In addition to obtaining background information on this patent application, VerticalNews editors also obtained the inventors' summary information for this patent application: "Embodiments of the present invention provide a system and method for increasing cache size. Briefly described, in architecture, one embodiment of the system, among others, can be implemented as follows. The system contains a memory and a processor, wherein the processor is configured by the memory to perform the steps of: categorizing storage blocks within the storage device within a first category of storage blocks if the storage blocks are available to the system for storing data when needed; categorizing storage blocks within the storage device within a second category of storage blocks if the storage blocks contain application data therein; and categorizing storage blocks within the storage device within a third category of storage blocks if the storage blocks are storing cached data and are available for storing application data if no first category of storage blocks are available to the system.
"Other systems, methods, and features of the present invention will be or become apparent to one with skill in the art upon examination of the following drawings and detailed description. It is intended that all such additional systems, methods, and features be included within this description, be within the scope of the present invention, and be protected by the accompanying claims.
BRIEF DESCRIPTION OF THE DRAWINGS
"Many aspects of the invention can be better understood with reference to the following drawings. The components in the drawings are not necessarily to scale, emphasis instead being placed upon clearly illustrating the principles of the present invention. Moreover, in the drawings, like reference numerals designate corresponding parts throughout the several views.
"FIG. 1 is a block diagram illustrating a basic prior art file system.
"FIG. 2 is a schematic diagram illustrating a prior art block storage device.
"FIG. 3 is a block diagram illustrating a general-purpose computer architecture that can implement the caching system of the present invention.
"FIG. 4 is a block diagram illustrating certain elements of the operating system of FIG. 3.
"FIG. 5 is a block diagram illustrating a non-deterministic file system in accordance with the present caching system.
"FIG. 6 is a schematic diagram illustrating the block storage device of the computer.
"FIG. 7 is a flowchart illustrating high level functions performed by the caching system in receiving and handling deterministic and non-deterministic commands, in accordance with the first exemplary embodiment of the invention.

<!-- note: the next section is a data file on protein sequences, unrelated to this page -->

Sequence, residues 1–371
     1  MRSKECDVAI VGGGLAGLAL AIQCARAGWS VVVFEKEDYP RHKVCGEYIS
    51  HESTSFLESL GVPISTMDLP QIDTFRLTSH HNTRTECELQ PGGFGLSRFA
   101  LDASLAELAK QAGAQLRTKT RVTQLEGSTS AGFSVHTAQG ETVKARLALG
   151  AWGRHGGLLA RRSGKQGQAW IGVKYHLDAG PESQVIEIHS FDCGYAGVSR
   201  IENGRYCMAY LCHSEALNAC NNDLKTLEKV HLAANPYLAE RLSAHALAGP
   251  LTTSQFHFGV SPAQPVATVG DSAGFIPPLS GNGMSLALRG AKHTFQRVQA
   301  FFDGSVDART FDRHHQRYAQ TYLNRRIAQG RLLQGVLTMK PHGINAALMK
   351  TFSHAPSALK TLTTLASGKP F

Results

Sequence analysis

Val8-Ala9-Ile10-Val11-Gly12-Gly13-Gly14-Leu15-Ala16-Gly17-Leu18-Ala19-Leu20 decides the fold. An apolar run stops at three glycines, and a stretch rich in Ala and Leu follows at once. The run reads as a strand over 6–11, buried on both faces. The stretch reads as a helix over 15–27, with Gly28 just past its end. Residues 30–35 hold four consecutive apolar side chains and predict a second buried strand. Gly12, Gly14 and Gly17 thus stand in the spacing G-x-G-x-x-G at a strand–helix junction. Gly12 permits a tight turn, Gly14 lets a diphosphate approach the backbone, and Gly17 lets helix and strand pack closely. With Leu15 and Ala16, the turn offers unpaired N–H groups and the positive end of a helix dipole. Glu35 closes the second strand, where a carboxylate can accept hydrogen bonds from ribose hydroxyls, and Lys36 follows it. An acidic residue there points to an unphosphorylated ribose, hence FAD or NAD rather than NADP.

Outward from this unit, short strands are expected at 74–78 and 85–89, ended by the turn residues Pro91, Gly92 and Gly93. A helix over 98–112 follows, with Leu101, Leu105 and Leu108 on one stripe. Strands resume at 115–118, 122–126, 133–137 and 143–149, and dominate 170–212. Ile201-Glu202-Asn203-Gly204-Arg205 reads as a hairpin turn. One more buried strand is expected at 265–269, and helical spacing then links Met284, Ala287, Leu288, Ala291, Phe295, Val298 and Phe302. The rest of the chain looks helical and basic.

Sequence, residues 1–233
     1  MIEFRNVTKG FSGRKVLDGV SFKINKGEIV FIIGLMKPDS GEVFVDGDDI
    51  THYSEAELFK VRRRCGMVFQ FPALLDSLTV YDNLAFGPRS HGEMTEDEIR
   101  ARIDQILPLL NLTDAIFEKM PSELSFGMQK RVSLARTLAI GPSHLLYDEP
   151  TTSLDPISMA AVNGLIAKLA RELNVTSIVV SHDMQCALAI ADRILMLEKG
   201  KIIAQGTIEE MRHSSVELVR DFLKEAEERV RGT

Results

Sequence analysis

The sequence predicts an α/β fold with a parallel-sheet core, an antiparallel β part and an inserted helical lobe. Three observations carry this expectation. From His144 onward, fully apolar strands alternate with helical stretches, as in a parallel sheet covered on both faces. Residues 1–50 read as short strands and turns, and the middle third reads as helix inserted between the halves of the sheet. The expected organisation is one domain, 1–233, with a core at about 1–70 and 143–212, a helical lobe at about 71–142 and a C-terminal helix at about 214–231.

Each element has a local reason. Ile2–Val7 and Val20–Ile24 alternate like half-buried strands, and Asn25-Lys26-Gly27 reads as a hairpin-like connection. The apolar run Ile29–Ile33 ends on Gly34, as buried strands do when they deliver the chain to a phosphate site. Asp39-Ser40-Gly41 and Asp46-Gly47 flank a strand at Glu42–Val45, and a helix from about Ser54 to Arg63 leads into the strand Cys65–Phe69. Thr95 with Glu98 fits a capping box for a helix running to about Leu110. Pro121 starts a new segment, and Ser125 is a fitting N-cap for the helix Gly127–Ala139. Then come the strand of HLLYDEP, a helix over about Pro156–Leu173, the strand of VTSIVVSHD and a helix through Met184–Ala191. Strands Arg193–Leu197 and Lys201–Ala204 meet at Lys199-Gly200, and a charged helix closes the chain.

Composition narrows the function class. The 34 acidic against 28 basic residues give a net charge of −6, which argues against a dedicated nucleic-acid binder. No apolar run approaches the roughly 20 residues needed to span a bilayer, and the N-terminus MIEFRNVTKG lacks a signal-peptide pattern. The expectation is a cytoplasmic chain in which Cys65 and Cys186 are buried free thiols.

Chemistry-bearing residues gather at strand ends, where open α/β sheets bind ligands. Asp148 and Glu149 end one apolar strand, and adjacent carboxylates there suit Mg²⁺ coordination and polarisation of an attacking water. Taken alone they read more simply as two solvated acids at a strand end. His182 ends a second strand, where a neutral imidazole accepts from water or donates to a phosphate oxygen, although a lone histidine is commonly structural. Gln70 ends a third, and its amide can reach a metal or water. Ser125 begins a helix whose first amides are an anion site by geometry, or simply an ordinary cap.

"FIG. 8 is a flowchart specifically illustrating how the block manipulation system handles an allocation of a new block within the block storage device.
"FIG. 9 is a flowchart illustrating how the block manipulating system writes data to an existing block within the block storage.
"FIG. 10 is a flowchart illustrating how the block manipulating system reads data from an existing block within the block storage.
"FIG. 11 is a flowchart illustrating how the block manipulating system releases a block of data from the block storage device.
"FIG. 12 is a block diagram illustrating a file system, in accordance with a second exemplary embodiment of the invention.
"FIG. 13A is an example of a table located within a storage device prior to updating.
"FIG. 13B is an example of a table located within a storage device after updating.
"FIG. 14 is a flowchart illustrating implementation of a listener module.
"FIG. 15 is a flowchart illustrating actions performed by the system of FIG. 12 when a new non-deterministic file is created.
"FIG. 16A is a flowchart illustrating actions performed by the system of FIG. 12 when writing to an existing file.
"FIG. 16B is a flowchart further illustrating the step of determining whether the file being written to is still valid.
"FIG. 17A is a flowchart illustrating actions taken by the system when a non-deterministic 'file read' command is received.
"FIG. 17B is a flowchart further illustrating the step of determining if a block is still valid.
"FIG. 18 is a flowchart illustrating the process of releasing a file (deleting a file) from the non-deterministic file system."
For more information, see this patent application: Shribman, Derry; Vilenski,
Keywords for this news article include: